Facebook's Privacy Settings Present Intrinsic Limitations To The Platform

I’ve written countless times about Facebook’s “privacy facade” and how it could develop potential problems in their global expansion. Today, some developers and bloggers were disappointed that Facebook did not open up unrestricted global access to users’ streams. This means that developers cannot develop tools to analyze the information being shared on Facebook in aggregate unless every Facebook user installs their application.

Facebook’s privacy settings inherently limit the company’s ability to take on a product like Twitter Search which gives you access to 99 percent of the status updates taking place within the global Facebook network. This inability was the foundation of Marshall Kirkpatrick’s argument this afternoon that “the conversation on Facebook remains fundamentally closed due to extensive privacy limitations and the company’s disinterest in overcoming those limitations in an appropriate way.”

Do Users Want Privacy?

I would argue that Facebook can never eliminate Twitter unless they remove privacy settings. Facebook has always assumed that users want the ability to control their privacy on a granular level but on Twitter privacy has been boiled to two settings: private and public. The vast majority of users opt for public because they are either not aware of the privacy settings or choose not to enable them.
This brings up a fundamental question: do Facebook users truly want Facebook privacy settings? While many Twitter users would argue against privacy settings, Facebook knows that at least 30 percent of users actively manage their privacy settings. Dave McClure states a key example of why privacy settings are important in response to Marshall Kirkpatrick’s post:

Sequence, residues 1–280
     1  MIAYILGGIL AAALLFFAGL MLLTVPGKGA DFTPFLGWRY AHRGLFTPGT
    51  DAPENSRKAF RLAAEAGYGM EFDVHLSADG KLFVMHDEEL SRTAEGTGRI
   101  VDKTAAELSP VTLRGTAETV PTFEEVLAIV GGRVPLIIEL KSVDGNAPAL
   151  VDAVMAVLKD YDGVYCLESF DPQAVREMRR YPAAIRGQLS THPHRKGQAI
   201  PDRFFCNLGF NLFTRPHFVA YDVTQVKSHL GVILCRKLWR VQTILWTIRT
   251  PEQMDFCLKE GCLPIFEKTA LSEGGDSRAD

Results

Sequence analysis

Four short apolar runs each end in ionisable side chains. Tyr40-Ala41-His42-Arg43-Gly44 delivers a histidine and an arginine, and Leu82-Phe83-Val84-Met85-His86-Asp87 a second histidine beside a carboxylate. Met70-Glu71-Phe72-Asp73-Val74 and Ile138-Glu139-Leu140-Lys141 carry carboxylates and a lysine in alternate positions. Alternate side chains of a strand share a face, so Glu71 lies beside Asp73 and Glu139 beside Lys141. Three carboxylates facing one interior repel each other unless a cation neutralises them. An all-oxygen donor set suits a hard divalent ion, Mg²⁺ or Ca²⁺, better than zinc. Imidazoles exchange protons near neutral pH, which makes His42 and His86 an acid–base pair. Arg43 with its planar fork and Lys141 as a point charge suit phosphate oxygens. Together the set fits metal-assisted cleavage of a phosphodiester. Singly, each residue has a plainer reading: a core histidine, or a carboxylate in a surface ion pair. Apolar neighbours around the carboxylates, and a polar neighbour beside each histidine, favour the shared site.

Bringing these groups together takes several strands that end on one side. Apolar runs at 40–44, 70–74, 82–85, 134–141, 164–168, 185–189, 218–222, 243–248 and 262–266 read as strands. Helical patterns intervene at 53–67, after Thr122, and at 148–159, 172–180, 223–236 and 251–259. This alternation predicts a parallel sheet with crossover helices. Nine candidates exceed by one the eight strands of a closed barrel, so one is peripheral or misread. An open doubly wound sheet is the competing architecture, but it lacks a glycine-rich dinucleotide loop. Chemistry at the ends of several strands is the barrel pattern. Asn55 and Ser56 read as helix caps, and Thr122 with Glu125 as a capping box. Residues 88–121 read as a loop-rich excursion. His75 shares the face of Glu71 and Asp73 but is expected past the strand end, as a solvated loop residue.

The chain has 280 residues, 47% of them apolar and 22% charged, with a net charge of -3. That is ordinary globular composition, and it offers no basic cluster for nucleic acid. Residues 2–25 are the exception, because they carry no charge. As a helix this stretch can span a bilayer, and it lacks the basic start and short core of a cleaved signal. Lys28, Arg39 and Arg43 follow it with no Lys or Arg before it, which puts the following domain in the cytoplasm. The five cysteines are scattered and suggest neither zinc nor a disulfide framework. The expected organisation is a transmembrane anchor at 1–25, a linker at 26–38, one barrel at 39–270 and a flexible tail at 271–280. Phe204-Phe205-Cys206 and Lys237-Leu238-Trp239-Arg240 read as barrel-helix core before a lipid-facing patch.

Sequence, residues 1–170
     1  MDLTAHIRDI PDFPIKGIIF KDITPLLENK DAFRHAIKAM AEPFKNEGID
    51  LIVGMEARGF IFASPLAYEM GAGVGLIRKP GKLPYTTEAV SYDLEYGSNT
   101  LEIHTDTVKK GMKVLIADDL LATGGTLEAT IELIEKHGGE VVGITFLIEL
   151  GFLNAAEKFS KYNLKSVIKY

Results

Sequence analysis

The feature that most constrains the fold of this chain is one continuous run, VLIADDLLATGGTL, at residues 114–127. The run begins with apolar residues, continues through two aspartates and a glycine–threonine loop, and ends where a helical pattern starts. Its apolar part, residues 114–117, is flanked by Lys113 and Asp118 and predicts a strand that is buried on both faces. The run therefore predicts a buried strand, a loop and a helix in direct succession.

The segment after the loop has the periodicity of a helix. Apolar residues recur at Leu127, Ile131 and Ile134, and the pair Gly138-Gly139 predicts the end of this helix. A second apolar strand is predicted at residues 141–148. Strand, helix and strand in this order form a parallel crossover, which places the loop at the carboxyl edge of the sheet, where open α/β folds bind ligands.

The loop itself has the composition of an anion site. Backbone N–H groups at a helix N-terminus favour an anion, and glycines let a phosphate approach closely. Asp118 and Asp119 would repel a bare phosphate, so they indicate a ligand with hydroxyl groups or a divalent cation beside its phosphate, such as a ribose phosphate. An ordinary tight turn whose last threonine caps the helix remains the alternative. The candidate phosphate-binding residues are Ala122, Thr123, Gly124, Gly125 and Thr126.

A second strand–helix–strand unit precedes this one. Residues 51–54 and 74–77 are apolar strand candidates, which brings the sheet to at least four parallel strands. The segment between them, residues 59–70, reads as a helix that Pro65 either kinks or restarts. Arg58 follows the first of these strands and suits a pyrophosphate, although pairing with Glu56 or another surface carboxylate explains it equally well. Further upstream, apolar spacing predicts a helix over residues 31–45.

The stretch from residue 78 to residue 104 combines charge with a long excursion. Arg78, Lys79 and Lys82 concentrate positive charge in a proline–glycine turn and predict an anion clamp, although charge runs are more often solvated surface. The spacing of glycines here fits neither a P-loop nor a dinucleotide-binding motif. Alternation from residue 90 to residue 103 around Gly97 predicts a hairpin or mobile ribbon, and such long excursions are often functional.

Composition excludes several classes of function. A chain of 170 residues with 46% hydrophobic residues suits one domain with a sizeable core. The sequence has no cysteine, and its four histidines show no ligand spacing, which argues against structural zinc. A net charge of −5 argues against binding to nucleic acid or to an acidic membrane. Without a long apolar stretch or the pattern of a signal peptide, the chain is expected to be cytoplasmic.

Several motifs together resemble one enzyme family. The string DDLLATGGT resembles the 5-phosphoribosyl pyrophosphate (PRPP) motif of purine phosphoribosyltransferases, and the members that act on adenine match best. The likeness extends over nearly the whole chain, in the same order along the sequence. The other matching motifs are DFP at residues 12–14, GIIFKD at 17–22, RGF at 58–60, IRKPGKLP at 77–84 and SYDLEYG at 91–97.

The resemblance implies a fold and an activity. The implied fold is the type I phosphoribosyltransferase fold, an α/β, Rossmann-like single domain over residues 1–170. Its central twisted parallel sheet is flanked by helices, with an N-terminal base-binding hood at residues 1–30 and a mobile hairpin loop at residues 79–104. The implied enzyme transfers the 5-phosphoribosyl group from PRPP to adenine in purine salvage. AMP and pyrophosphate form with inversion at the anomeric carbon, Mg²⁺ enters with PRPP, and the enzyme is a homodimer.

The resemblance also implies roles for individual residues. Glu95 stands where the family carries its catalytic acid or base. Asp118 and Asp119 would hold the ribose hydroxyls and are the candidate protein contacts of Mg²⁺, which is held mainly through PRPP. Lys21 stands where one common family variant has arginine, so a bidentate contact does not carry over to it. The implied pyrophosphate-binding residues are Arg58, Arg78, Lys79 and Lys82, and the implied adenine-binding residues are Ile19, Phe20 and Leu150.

my wife only wants me to upload photos of our kids to online services that have friends & family settings — she explicitly DOES NOT want me to do so on wide open / asymmetric follow systems like blogs or Twitter

Honestly, I think stating that Facebook users do not want privacy settings would be grossly inaccurate. Some Facebook users want them while a select few are willing to make their entire lives public. On Facebook you can have it both ways.

Do Developers Want More Data?

Of course! As a developer, a blogger, and a curious individual, I would like total, unfiltered access to everything that everybody in the world is doing. Unfortunately that will not happen as long as we have laws protecting individual privacy rights. Want to see what life is like with no privacy? The movie “We Live In Public” is a great view of what it’s like in a world with no privacy (I’ve embedded a copy below).

If you grant developers access to data, they will always figure out a way to do something with it. Media companies and advertisers will also invest heavily in aggregating and filtering the data that’s available. Unfortunately not all that information is available to developers on Facebook unless explicitly granted by the users. Contrast that with Twitter where just about everybody’s status updates are available for the world to view and accessible via the Twitter API.
At the end of the day, many of us would like access to the most intimate details of every human being in the world (it’s the pinnacle of voyeurism). Unfortunately (or fortunately depending how you look at it), total access to data is something that won’t be publicly available in my lifetime. Facebook understands this and fundamentally supports users’ right to privacy.

Is Facebook Closed?

If you think privacy settings create an inherently closed system then yes, Facebook is closed. If you think that users don’t want privacy settings then you are only fooling yourself. Many users would not like you to aggregate their Facebook status updates without their explicit permission. This is exactly the reason that Facebook Beacon was such a disaster: most users wanted the choice to share their information.

Publish date: April 27, 2009 https://stage.adweek.com/digital/facebook-privacy-limitations/ © 2020 Adweek, LLC. - All Rights Reserved and NOT FOR REPRINT